By urging a referendum on a declaration of independence from China, Taiwan President Chen Shui-bian earned a week of sound bites and fury from an agitated Beijing bent on reunification. Fiery threats of p.l.a. military action eased after conciliatory gestures from Chen, and the parties got back to the business of forging stronger economic ties.
"The P.L.A. is a great wall of steel capable of safeguarding China's sovereignty and territorial integrity."
China's Defense Minister, responding to Taiwan's latest pro-independence utterances
"It's a paltry honor. He's joining the brownnoses. I said, 'Hold out for the lordship, mate.'"
guitarist for the Rolling Stones, commenting on bandmate Mick Jagger's recent knighthood
"Iraq will chop off the head of anyone whose hand reaches its border."
Iraq's Foreign Minister, warning against any attempt to overthrow Saddam Hussein by military invasion
"We are now shifting our main focus to mosquito surveillance."
Washington D.C. Health Department director, on efforts to contain the spread of the skeeter-borne West Nile virus
$22 million in donations to Washington, D.C.'s National Zoo were inspired by its popular giant pandas Mei Xiang and Tian Tian
1,100 giant pandas are left worldwide
22 hours of continuous surgeryóby a team of more than 50 specialists in Los Angelesówere required to separate two one-year-old Siamese twins conjoined at the head
$30 billion was granted to Brazil by the International Monetary Fund, the agency's largest single loan ever
$3.3 billion in additional bogus accounting was uncovered by WorldCom's internal auditors last week, bringing the total to $7.1 billion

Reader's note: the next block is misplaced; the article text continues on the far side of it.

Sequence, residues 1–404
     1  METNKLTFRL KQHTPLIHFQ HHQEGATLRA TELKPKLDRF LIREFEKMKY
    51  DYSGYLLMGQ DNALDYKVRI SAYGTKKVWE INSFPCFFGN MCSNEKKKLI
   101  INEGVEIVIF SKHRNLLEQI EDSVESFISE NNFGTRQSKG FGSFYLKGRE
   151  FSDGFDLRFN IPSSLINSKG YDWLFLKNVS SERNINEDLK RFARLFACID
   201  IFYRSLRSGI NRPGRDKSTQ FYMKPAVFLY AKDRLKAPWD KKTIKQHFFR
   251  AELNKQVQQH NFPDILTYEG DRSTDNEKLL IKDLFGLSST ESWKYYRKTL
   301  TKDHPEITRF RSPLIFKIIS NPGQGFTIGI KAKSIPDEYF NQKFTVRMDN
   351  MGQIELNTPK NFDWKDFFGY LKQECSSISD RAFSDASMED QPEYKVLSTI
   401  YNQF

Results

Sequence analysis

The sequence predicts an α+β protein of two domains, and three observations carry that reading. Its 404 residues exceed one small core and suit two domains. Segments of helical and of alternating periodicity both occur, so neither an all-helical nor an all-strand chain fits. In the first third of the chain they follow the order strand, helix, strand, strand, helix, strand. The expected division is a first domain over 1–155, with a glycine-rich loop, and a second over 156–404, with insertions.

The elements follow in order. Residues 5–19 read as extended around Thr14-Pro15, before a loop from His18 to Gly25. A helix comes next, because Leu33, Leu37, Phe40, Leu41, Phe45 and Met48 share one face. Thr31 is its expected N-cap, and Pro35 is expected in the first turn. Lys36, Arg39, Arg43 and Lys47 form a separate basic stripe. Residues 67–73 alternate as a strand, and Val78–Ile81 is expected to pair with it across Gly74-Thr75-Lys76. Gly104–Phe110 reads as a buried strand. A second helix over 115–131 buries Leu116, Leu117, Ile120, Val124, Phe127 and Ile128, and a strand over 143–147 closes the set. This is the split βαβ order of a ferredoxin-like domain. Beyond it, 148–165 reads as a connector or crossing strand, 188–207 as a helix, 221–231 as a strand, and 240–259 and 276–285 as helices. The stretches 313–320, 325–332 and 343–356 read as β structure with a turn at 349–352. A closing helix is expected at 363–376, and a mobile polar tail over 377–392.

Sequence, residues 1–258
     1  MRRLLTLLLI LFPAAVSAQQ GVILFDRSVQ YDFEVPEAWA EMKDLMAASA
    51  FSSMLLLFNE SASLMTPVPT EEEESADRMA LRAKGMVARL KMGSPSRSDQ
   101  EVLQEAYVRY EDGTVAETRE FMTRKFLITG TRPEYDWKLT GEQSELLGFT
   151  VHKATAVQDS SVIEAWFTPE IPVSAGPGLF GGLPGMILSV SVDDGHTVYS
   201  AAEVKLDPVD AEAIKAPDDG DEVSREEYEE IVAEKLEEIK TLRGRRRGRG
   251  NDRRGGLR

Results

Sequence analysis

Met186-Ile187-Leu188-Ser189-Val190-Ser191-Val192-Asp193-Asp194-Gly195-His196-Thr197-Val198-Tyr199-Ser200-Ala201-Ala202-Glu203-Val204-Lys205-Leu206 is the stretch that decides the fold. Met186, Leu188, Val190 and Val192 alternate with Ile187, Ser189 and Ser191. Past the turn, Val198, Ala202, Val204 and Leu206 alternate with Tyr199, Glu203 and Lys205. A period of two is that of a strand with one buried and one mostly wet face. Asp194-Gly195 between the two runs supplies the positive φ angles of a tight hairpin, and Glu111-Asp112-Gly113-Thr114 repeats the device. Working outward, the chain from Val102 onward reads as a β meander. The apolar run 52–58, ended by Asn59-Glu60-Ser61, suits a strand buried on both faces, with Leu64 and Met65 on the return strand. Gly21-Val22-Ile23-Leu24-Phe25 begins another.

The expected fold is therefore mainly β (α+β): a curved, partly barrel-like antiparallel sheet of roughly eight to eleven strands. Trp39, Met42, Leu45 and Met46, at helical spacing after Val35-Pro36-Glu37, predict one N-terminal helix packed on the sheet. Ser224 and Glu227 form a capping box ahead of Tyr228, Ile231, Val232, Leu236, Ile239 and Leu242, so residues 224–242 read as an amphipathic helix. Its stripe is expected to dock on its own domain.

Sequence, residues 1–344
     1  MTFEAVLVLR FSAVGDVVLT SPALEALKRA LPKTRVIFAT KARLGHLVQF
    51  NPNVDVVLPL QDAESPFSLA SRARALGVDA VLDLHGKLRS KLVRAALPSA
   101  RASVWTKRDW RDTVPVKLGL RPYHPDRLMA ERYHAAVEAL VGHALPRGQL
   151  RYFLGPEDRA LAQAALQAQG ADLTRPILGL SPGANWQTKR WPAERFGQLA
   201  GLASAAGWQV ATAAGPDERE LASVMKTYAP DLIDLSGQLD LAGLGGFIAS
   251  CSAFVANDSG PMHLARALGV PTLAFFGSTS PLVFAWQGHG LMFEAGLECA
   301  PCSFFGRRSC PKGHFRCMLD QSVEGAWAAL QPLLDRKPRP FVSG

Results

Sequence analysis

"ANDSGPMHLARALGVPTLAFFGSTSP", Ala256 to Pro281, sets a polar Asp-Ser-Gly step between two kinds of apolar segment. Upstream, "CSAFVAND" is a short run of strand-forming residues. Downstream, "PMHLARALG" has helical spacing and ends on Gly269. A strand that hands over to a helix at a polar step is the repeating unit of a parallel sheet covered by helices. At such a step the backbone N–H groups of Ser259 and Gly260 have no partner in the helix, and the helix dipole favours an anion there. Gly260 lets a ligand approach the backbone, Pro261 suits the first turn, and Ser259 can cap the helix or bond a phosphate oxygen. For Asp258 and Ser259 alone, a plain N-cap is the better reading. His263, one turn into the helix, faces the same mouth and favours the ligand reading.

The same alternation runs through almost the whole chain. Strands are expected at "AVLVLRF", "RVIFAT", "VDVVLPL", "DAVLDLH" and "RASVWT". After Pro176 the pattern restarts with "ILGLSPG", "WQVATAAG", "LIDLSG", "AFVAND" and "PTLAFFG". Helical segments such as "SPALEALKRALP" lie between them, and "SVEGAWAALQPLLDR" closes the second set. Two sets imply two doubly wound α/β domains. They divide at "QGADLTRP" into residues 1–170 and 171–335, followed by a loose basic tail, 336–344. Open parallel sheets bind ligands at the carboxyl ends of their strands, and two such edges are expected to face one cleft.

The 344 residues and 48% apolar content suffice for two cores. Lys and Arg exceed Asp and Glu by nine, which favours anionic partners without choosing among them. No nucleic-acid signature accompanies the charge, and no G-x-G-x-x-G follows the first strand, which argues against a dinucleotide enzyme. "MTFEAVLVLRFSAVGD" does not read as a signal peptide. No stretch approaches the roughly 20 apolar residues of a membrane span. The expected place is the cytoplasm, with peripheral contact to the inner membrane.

44% is how much undergoing regular mammograms can reduce breast cancer deaths, according to a new study
7 is the number of studies reviewed by Danish analysts who claim they have found no evidence to indicate that mammograms are beneficial
Researchers have discovered that the AIDS virus is growing resistant to the anti-HIV "miracle drugs" developed to suppress it. Some strains are increasingly immune to more than one drug
Accentuate the Negative
By HANNA KITE/Tokyo
In their continuing quest for respite from an economically induced malaise, Japanese consumers are now buying gadgets that promise to lift spirits by filling the air with negative ions. In case you have forgotten your high school chemistry, negative ions are charged particles released from H20 molecules when they collide. The air is normally full of them, and some claim the more there are, the merrier everyone isóthat negative ions are natural mood enhancers: relieving stress and even inducing weight loss. Manufacturers in recent months have flooded the market with devices that supposedly boost the negative-ion count, ranging from air conditioners and toothbrushes to vacuum cleaners, underwear and dog collars. Manufacturers estimate total annual sales in Japan could grow to several billion dollars annually over the next few years. All good, except there is no scientific evidence to prove negative-ion machines do much more than part the credulous from their cash. A similar craze hit the U.S. some four decades ago, but in 1974 the country's Food and Drug Administration determined health claims surrounding the products were bogus and barred related advertisements as fraudulent. Japanese companies are treading carefully. "We say there are lots of negative ions in nature, and our products increase the number of negative ions," says Panasonic spokesman Akira Kodota. "That's it." Tokyo resident Jyuichi Kobayashi, 33, has begun to doubt the value of the negative-ion bracelet he wears. "It isn't helping me sleep or get over my jet lag," he grumbles. "I guess you have to believe it for it to work." Our advice: just think negative.